Book Review: The Hyper Accelerated Dragon by Raja Panjwani
In the weeks to come, I will be covering several recent books on the opening in this column. While there are many experienced trainers out there who demand that us amateurs stop looking at openings and focus on the real chess, the fact of the matter is that opening books continue to sell far better than any other genre in the chess world. Well, I will not go into a debate on why this is so but as an opening junkie myself, I am starting to adjust my approach to be a little more balanced. These days, I am even starting to go through some classics!
But I digress. I have received complaints that my reviews are getting a bit too long so I should really get to the point......
The Accelerated Dragon and Hyper-Accelerated Dragon (where one starts with 1.e4 c5 2.Nf3 g6!?) have always been much maligned in the Sicilian world. Indeed, as the author pointed out in the introduction, the HAD has a much inferior reputation as compared to virtually every other mainline in the Sicilian. Apart from Azeri Rauf Mamedov and Venezuelan GM Eduardo Iturrizaga, I couldn't really recall a single top player that plays this opening religiously.
Azerbaijian's Rauf Mamedov, who, on the back of recent successes has reached a career high live rating of 2709. Sincere congratulations! | Photo: Peter Doggers/Chess.com
Much of its bad repute is due to White's central set-up with e4 and c4, the so-called Maroczy Bind which many believe to lead, if not to a slight advantage for White, to at least a passive position for Black where the second player has to wait patiently for his turn to find counter-play. Panjwani has this to say:
"I suspect that computers have deterred many potential devotees away from the Accelerated Dragon. Computer evaluations in the main lines tend to fluctuate between +0.25 and +0.5, which plausibly leads to the rationale that playing the Accelerated Dragon instead of the Berlin or Marshall - where evaluations are closer to +0.15 is like playing with a small handicap straight out of the opening. Things, however, are not so simple. Computers evaluate each position by objective features, without regard for subjective factors which are very often more important in tournament chess. Machines systematically ignore the value of, for example, being able to follow one of a small number of thematic plans, irrespective of what the opponent does, saving on clock time as well as risk of mishandling the position. This sort of human element is unaccounted for by the engine, resulting in an inflated estimation of White's chances....."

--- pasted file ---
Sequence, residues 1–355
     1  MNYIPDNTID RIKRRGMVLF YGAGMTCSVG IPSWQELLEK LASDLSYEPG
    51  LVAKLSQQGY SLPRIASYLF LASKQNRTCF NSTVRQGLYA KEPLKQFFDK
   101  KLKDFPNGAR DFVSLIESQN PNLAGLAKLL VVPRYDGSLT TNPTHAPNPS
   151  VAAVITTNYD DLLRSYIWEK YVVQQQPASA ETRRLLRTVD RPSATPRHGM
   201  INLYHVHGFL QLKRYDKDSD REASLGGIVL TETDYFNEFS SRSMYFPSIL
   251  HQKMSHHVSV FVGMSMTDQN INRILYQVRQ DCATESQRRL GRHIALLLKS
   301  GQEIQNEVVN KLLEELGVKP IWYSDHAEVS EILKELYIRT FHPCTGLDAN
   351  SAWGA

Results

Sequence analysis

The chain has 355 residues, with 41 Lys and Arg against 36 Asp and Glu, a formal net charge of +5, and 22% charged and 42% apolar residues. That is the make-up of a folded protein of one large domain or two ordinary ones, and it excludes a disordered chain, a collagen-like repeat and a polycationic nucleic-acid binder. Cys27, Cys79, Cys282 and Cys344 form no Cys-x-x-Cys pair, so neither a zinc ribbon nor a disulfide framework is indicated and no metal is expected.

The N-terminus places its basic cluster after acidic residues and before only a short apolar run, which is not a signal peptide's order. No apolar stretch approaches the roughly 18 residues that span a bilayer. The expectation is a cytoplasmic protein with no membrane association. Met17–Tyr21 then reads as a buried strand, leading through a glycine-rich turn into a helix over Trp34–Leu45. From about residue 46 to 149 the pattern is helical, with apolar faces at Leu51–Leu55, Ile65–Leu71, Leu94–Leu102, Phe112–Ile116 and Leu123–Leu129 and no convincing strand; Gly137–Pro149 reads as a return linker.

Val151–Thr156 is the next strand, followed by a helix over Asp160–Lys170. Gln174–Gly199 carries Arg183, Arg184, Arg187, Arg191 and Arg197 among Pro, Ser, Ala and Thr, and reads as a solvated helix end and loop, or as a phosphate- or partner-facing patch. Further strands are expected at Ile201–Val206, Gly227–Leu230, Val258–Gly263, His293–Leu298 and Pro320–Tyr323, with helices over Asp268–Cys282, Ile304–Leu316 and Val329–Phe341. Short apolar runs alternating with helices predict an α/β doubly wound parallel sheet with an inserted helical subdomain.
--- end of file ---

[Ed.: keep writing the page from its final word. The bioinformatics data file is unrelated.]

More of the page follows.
This is a rather chunky bit to quote but I think it is important to share this as it immediately draws confidence that this is not someone who will be regurgitating long lines of analysis from Stockfish or Komodo. As a lifelong HAD player, Panjwani draws on his experience and understanding of the line and combined with his understanding of chess engines and their limitations, he shares his personal repertoire for Black players to play for a win against 1.e4. Yes, you read that right - and when I read this bit in the intro, I am every bit as sceptical as you are as I couldn't imagine how Black could objectively play for the win under the torturous vines of the Maroczy Bind.....
IM Raja Panjwani in one of his rare games without the Dragon bishop. Many thanks to him for providing the pic!
The author recommends 2 systems against White's main attempts in obtaining an opening edge, namely 7.Bc4 (the Yugoslav-style approach) and the afore-mentioned Maroczy Bind. I will delve straight into the lines that I perceive as the most critical and see how Panjwani's bold claims stand up to scrutiny.
After the starting moves 1.e4 c5 2.Nf3 g6 3.d4 cd4 4.Nd4 Bg7 5.Nc3 Nc6 6.Be3 Nf6 7.Bc4, Panjwani recommends 7..Qa5 in chapter 2. The critical position soon arises after 8.0-0 0-0 9.Bb3 d6 10.h3 Bd7 leading to the following position: